A good thyroid doctor will treat a hypothyroid patient clinically by testing and adjusting Free T4 and Free t3 as needed to relieve hypo symptoms, without being influenced by resultant TSH levels.  Since you have not had a dose increase since last fall, along with the outdated tests, I have no confidence that you current doctor will do that.  I suggest that you confirm what I have said by clicking on my name and then scrolling down to my Journal and read at least the one page Overview of a paper on Diagnosing and Treatment of Hypothyroidism: a Patient's Perspective.   If you want you can also use the info to try and get your doctor to treat you clinically, as described, in order to relieve symptoms.    If unsuccessful you will need to find a good thyroid doctor.  
Helpful - 0
Thank you for your response.I did read the paper. I think I will start investigating a thyroid specialist to get things sorted out. I know I mentioned my confidence level in my endo was already low. Your response confirmed that. Thank you!
Hello again,
I had my repeat ultrasound and had a question. It basically says there are still multiple sub centimeter nodules bilaterally and they are stable. And says the dominant nodule on the right middle pole is without changes. My question is what does dominant mean? My prior ones didn’t use this term so I was just curious. Thank you again!
Hi connie527,

In this case, I believe when they use the term "dominant" they are referring to the most prominent or largest nodule in that location.   Using the word dominant might just be their way of indicating they are talking about the same prominent nodule they noted before, and different ultrasound techs or radiologists might use slightly different terminology to refer to the same thing.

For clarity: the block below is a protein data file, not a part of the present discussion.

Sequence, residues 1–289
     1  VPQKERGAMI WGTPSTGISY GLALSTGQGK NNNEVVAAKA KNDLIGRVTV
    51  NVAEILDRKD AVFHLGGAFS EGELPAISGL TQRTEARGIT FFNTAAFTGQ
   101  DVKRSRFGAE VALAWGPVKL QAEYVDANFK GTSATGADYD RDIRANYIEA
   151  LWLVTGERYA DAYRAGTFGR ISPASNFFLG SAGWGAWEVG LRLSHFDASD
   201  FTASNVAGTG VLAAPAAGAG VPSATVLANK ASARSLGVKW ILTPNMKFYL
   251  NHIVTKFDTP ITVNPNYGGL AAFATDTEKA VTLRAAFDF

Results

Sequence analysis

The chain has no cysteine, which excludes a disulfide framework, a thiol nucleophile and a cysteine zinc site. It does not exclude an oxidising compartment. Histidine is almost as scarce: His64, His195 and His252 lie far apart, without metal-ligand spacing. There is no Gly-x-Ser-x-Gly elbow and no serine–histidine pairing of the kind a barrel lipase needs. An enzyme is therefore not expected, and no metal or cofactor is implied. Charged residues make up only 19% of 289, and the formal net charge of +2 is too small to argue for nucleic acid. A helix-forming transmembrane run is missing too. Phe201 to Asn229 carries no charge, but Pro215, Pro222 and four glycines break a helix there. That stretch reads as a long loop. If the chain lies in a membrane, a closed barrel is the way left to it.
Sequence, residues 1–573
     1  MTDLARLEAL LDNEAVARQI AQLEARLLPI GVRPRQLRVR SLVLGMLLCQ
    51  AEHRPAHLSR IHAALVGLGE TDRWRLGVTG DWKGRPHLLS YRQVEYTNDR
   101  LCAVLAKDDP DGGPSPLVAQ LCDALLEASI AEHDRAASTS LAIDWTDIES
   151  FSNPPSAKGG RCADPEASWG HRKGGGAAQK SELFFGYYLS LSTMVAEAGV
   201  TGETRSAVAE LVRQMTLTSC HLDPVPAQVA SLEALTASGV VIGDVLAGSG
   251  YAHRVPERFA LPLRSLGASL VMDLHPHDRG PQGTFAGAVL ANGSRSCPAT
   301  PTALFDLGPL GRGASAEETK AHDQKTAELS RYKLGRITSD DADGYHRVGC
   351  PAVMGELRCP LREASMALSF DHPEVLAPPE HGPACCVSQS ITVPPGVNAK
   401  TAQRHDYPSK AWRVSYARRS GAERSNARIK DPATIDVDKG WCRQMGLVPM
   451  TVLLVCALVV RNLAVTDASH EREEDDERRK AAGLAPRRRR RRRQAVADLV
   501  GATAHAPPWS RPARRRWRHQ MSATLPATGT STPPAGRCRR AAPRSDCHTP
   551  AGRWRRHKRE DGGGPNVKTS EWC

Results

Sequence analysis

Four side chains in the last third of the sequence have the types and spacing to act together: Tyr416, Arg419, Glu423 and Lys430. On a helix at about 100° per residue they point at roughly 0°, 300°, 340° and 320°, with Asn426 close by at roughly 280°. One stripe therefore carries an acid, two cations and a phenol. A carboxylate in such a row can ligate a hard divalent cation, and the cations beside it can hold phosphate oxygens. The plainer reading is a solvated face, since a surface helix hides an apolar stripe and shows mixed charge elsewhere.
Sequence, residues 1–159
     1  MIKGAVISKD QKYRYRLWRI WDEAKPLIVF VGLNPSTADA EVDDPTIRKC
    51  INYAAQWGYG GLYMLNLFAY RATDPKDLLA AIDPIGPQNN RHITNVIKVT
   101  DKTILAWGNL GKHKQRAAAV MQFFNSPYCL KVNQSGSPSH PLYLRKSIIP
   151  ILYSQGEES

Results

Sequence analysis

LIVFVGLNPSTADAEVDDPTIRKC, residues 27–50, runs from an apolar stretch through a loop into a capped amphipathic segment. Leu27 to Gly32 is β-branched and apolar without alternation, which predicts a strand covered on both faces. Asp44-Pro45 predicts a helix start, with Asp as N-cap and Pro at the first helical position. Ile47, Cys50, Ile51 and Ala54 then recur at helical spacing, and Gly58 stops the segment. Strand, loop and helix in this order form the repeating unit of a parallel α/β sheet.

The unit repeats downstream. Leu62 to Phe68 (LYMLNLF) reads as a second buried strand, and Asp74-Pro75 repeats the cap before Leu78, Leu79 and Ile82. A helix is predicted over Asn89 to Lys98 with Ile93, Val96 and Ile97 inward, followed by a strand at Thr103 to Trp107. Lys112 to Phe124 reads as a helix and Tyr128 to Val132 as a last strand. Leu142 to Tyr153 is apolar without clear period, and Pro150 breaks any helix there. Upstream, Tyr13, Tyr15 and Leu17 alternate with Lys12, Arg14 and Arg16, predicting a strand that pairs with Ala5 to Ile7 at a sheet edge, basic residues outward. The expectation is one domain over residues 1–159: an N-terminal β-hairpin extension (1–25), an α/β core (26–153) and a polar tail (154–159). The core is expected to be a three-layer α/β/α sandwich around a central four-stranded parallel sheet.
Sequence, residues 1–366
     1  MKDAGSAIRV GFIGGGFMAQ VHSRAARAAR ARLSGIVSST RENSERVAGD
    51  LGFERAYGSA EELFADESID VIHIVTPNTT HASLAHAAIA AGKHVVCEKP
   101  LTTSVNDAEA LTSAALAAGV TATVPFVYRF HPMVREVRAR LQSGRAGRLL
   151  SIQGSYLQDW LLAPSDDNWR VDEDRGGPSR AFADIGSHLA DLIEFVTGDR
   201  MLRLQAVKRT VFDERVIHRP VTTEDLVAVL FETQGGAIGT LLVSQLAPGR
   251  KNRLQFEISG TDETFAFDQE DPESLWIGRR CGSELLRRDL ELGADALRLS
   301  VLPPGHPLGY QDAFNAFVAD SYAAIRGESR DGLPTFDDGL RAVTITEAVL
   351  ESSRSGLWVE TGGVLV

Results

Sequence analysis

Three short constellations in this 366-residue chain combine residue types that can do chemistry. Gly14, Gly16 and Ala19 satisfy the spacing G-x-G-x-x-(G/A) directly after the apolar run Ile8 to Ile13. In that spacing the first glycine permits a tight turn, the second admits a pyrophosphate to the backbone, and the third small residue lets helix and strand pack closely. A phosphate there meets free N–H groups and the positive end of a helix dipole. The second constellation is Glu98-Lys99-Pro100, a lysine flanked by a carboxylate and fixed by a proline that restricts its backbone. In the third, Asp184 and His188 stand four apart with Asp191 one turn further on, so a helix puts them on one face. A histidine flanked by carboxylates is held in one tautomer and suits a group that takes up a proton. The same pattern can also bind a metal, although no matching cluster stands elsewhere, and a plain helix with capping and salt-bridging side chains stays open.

That makes sense, thanks.
Avatar universal
And this was my last ultrasound from 8/18 (having another next week).

Comparison: 3/7/2018

Technique: Duplex sonography was performed. Doppler US performed for evaluation of thyroid
vasculature and nodule characterization.


Thyroid isthmus: 0.3 cm
Right lobe: 5.5 x 1.4 x 1.7 cm
Left lobe: 5.5 x 1.4 x 1.5 cm

Parenchyma: homogenous


0.9 x 0.6 x 0.4 cm hypoechoic upper pole right thyroid nodule is demonstrated,
demonstrating ill-defined margins and no calcification, TI-RADS 4

0.9 x 0.7 x 0.6 cm spongiform-appearing mid pole hypoechoic right thyroid nodule                          
demonstrating lobulated margins and no calcifications, TI-RADS

Multiple other small subcentimeter spongiform and hypoechoic thyroid nodules are


Subcentimeter thyroid nodules are demonstrated, as detailed above. No specific imaging
follow-up is recommended.
Helpful - 0
Have an Answer?

You are reading content posted in the Thyroid Disorders Community

Top Thyroid Answerers
649848 tn?1534633700
Avatar universal
1756321 tn?1547095325
Queensland, Australia
Learn About Top Answerers
Didn't find the answer you were looking for?
Ask a question
Popular Resources
We tapped the CDC for information on what you need to know about radiation exposure
Endocrinologist Mark Lupo, MD, answers 10 questions about thyroid disorders and how to treat them
Herpes sores blister, then burst, scab and heal.
Herpes spreads by oral, vaginal and anal sex.
STIs are the most common cause of genital sores.
Condoms are the most effective way to prevent HIV and STDs.